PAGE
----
After a short trip back down the 4x4 track to the main road, we visited a Malaysian Aborigine village. There we were given a blowpipe demonstration. The local aborigines use these to hunt for meat, using poison darts to immobilize their prey. The whole time our guide was talking, a drunk villager kept yelling at him. Our guide, turned around and told him to shut up, but this just egged him on. By the end of the demonstration, the drunk guy was just outright abusing our guide at the top of his voice. Eventually a couple of the villagers carted him away. Our guide explained that this behaviour was quite common as the villagers don't have much to do to keep themselves occupied and spend a lot of time drinking. 

After lunch at a dodgy Indian cafe we visited a tea plantation. We were very eager to get in among the plantation to go for a walk around the maze of tea bushes as we had seen these on the way up to Tanah Rata while on the bus and they looked spectacular. The tea plantation we visited was about 80 years old and was owned by a single family which passed it down from generation to generation. The plantation was huge, spanning over the hills as far as the eye could see. You can play a game of "Where's Michael" in the adjacent photo. From here we visited the factory where the tea is processed and packaged. The process was much more advanced than the plantation we visited on the Bolivian Plateau, outside Pakse in Laos as it used all machinery to do the work, opposed to doing everything by hand. Attached to the factory was an outlet and a cafe. Jenni and I enjoyed a cup of the plantation's tea along with a scone and jam while enjoying the spectacular view from the cafe's decking. 

After here, the group split up, some electing to visit the nearby butterfly farm and strawberry farm, with us along with some others electing to go visit the highest peak in the Cameron Highlands. We were very glad we made our choice as the view was spectacular. Atop the lookout tower, the air was very cold and we could see the mist rolling by. We were lucky we managed to get such a good view as a few minutes after we came down from the lookout tower, the clouds came in and covered the valley.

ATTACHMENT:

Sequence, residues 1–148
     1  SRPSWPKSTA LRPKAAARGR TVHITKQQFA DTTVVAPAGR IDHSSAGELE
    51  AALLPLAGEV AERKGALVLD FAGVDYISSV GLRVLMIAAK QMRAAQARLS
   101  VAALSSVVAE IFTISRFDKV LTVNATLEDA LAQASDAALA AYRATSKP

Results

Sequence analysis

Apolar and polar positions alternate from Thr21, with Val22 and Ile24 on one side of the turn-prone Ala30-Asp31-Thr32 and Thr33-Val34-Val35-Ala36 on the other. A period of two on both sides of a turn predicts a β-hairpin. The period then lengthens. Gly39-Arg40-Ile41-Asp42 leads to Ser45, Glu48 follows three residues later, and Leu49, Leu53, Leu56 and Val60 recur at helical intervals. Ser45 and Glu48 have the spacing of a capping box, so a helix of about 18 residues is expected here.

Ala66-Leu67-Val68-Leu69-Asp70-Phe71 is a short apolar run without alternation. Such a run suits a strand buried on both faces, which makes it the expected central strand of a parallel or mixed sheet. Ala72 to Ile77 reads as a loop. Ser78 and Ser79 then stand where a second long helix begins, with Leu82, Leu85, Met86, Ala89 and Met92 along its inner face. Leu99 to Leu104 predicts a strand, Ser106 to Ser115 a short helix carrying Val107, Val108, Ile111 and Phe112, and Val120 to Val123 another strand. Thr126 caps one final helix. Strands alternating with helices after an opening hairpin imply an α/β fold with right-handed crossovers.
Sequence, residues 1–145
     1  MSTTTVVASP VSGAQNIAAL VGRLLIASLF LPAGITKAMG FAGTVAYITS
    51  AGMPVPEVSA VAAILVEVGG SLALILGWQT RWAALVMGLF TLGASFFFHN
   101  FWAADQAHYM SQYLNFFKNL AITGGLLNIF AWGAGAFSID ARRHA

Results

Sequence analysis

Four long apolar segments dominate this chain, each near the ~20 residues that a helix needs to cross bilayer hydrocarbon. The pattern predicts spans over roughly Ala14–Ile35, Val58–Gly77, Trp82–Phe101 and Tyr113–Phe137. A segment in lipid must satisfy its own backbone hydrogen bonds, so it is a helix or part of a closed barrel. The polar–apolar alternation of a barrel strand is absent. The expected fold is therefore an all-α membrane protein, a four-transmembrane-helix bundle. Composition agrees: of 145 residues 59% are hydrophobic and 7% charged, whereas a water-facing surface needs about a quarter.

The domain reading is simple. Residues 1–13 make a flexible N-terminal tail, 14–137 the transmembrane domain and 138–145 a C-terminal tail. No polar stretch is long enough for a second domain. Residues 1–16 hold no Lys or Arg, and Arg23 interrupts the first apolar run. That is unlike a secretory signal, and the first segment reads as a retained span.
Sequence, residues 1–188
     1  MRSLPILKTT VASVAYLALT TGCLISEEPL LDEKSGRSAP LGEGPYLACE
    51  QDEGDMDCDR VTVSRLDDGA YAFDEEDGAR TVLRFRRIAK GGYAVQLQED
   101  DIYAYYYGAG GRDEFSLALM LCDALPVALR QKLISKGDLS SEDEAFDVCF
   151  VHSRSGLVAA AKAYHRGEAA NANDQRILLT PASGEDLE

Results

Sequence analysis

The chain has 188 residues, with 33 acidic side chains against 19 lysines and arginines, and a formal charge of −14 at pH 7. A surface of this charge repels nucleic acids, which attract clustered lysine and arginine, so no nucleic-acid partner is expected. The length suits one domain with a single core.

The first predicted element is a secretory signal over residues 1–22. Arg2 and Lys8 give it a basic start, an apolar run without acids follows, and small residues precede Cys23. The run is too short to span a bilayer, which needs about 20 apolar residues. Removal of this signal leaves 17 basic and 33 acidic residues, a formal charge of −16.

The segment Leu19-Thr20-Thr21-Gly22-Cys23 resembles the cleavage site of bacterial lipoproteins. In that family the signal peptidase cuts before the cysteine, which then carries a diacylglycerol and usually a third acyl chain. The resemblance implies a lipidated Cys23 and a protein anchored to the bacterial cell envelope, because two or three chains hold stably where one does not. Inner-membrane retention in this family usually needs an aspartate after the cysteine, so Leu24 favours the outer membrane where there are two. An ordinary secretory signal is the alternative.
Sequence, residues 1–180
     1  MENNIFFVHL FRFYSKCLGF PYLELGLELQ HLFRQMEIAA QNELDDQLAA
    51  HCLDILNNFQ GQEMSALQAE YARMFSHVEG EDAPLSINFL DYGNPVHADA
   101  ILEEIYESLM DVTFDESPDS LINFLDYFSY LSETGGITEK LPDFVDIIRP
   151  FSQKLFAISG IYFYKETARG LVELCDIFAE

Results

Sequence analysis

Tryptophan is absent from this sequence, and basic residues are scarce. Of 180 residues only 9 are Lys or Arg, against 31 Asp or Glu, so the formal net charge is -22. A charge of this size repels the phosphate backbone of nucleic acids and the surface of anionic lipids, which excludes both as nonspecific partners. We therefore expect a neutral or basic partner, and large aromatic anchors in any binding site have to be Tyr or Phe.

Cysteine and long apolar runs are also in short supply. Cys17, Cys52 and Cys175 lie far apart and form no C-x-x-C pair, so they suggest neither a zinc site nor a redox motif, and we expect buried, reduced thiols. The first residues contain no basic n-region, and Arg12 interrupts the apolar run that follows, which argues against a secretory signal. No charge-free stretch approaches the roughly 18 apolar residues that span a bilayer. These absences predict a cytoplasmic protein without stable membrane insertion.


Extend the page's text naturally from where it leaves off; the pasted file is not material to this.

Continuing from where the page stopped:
From here we took a very short drive down the mountain and got out to visit the Mossy Forest. This was the highlight of the day. The place looked like something out of a Jim Henson movie. The place was dark and eerie, with mist flowing through the trees covered in thick green moss. Muddy moss covered the ground, giving it a funny springy feel under our feet. In this maze of trees that looked like it was plucked right out of a horror movie, we even saw carnivorous plants. Our guide insisted on exiting the forest from a different point to where we entered to give the group a short taste of what the hardest trekking trails in the area were like. The exit point that he brought us to was a steep drop, about 3 meters high. There was only two ways down, sliding down on your backside on the steep muddy slope, or attempting to abseil down the drop using a thick vine to hang on to. Jenni did very well, managing to lower herself down using the vine without falling and sliding down in the muck unlike a couple of other unfortunate people in our group.